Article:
16) Smith, C.A. 1966. “Common names of South African plants.” Memoirs of the Botanical Survey of South Africa No. 35.
17) Van Wyk, B.-E. & Gericke, N. 2000. “People's plants. A guide to useful plants of southern Africa” Briza Publications, Pretoria.
18) Van Wyk, B-E. & Smith, G. 1996. “Guide to the aloes of South Africa” Briza Publications, Pretoria.
19) Keith, Paul & Meg Coates Palgrave. “Algemene gids tot BOME” 2000.
20) Van Wyk, Piet “Field guide to the TREES of the Kruger National Park." Struik. 2008
21) Smith, G.F., Van Wyk, B.-E. & Glen. H.F. “Asphodelaceae/Aloaceae: Aloe barberae to replace A. bainesii.” Bothalia 24: 34–35.
22) Umberto Quattrocchi “CRC World Dictionary of Medicinal and Poisonous Plants: Common Names, Scientific Names, Eponyms, Synonyms, and Etymology” (5 Volume Set) CRC Press, 03/mag/2012
23) Braam Van Wyk, Piet Van Wyk “Field Guide to Trees of Southern Africa” Struik, 1997
24) Smith,G.F. et al. “Aloe barberae to replace A.bainesii.” Bothalia 24(1)34-35. 1994.
Habit at Enchanting Floral Gardens of Kula, Maui, Hawaii (USA). February 19, 2008. Photo by: Forest Starr & Kim Starr
Aloe barberae Photo by: Valentino Vallicelli
Leaves at Enchanting Floral Gardens of Kula, Maui, Hawaii (USA). February 19, 2008. Photo by: Forest Starr & Kim Starr
Aloe barberae Photo by: Valentino Vallicelli
Cultivation and Propagation: Aloe barberae is an attractive and interesting accent plant to have in a sunny garden. It easy to grow and suited for any well drained soil in full sun. As such it is increasingly used as an ornamental plant for drought tolerant landscaping and rockeries.
Growing rate: It is fairly fast growing, but should be well watered and enough compost provided for optimal growth. It is able to increase its height by 10-30 cm per year under favourable conditions. It is a long lived plant and once established, it will be content in its position and with its soil for years. It is often in danger of being overgrown, smothered and killed by faster growing plants in its vicinity.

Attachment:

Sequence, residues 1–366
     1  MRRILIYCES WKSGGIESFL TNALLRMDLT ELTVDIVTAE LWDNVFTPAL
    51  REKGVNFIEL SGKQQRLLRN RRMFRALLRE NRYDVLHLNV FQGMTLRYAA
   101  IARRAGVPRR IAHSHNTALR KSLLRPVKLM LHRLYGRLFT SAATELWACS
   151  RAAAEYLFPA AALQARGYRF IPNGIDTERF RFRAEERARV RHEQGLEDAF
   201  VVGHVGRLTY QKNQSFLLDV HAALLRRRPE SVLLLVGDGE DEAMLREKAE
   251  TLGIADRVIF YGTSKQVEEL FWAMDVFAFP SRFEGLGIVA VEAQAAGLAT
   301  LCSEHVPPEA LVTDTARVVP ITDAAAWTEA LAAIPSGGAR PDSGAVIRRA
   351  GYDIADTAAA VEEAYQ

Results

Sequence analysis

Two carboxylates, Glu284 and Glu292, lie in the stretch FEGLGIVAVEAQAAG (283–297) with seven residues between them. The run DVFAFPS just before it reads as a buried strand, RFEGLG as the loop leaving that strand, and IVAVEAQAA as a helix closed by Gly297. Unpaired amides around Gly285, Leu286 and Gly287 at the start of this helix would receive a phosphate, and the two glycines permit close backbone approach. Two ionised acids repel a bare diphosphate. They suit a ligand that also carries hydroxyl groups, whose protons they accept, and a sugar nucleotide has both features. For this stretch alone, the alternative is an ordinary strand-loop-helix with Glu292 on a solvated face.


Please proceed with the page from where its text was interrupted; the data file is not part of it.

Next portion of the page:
Soil: Always use a good quality, loamy sandy soil with plenty of drainage chips at the bottom of containers. It prefers soil of a medium or slightly acidic pH. Outdoors always provide a well-drained site, on a slope is best. Enough space should be provided for its eventual size.
Fertilization: It needs a perfect fertilizer diet in summer. Use preferably a cacti and succulents fertilizer with high potassium content including all micro nutrients and trace elements or slow release fertilizer.
Exposure: Full sun. It can tolerate moderate shade, and a plant that has been growing in shade should be slowly hardened off before placing it in full sun as the plant will be severely scorched if moved too suddenly from shade into sun.
Watering: It tolerates weekly watering in the summer; once a month, or not at all in the colder months of winter. Can withstand long periods of drought, but they will thrive and flower more profusely if watered in the correct season.
Pest & diseases: Incorrect watering, poor drainage or too much shade can lead to attack by pests and diseases. Rot it is only a minor problem with aloes if the plants are watered and “aired” correctly. If they are not, fungicides won't help all that much. The leaves may be attacked by aphids and scale insects, which are controlled with an oil-based spray.
Hardiness: It is sensitive to frost and in a frost-prone area should be protected in the first few years of its life, but prefers hot summers. It grows much better outdoors in spring and summer.
Gardening and landscaping: In mild climates Aloe barberae can be cultivated outdoors for use in landscaping, preferably planting it in hot and dry rock gardens. It forms a striking focal point in the garden, being an enormous sculptural tree with a neat crown. It will grow best in regions with a climate close to that of its native deserts – not too cold, and not too wet. Due to its massive stem base, it should preferably not be planted close to any buildings. It can be grown in large containers too.
Medicinal uses: the juice is purgative.
Propagation: It is easily cultivated from truncheons and smaller stem cuttings, as well as seed planted in autumn, in trays of coarse river sand. Cuttings must be dried out for at least 3 weeks before planting in river sand. Growing a mature plant from a seedling or single stem cutting would be a lifetime's work but by good fortune larger cuttings, sometimes known as truncheons with several branches and leaf-rosettes, can be rooted, but this may take several months and success is not always guaranteed.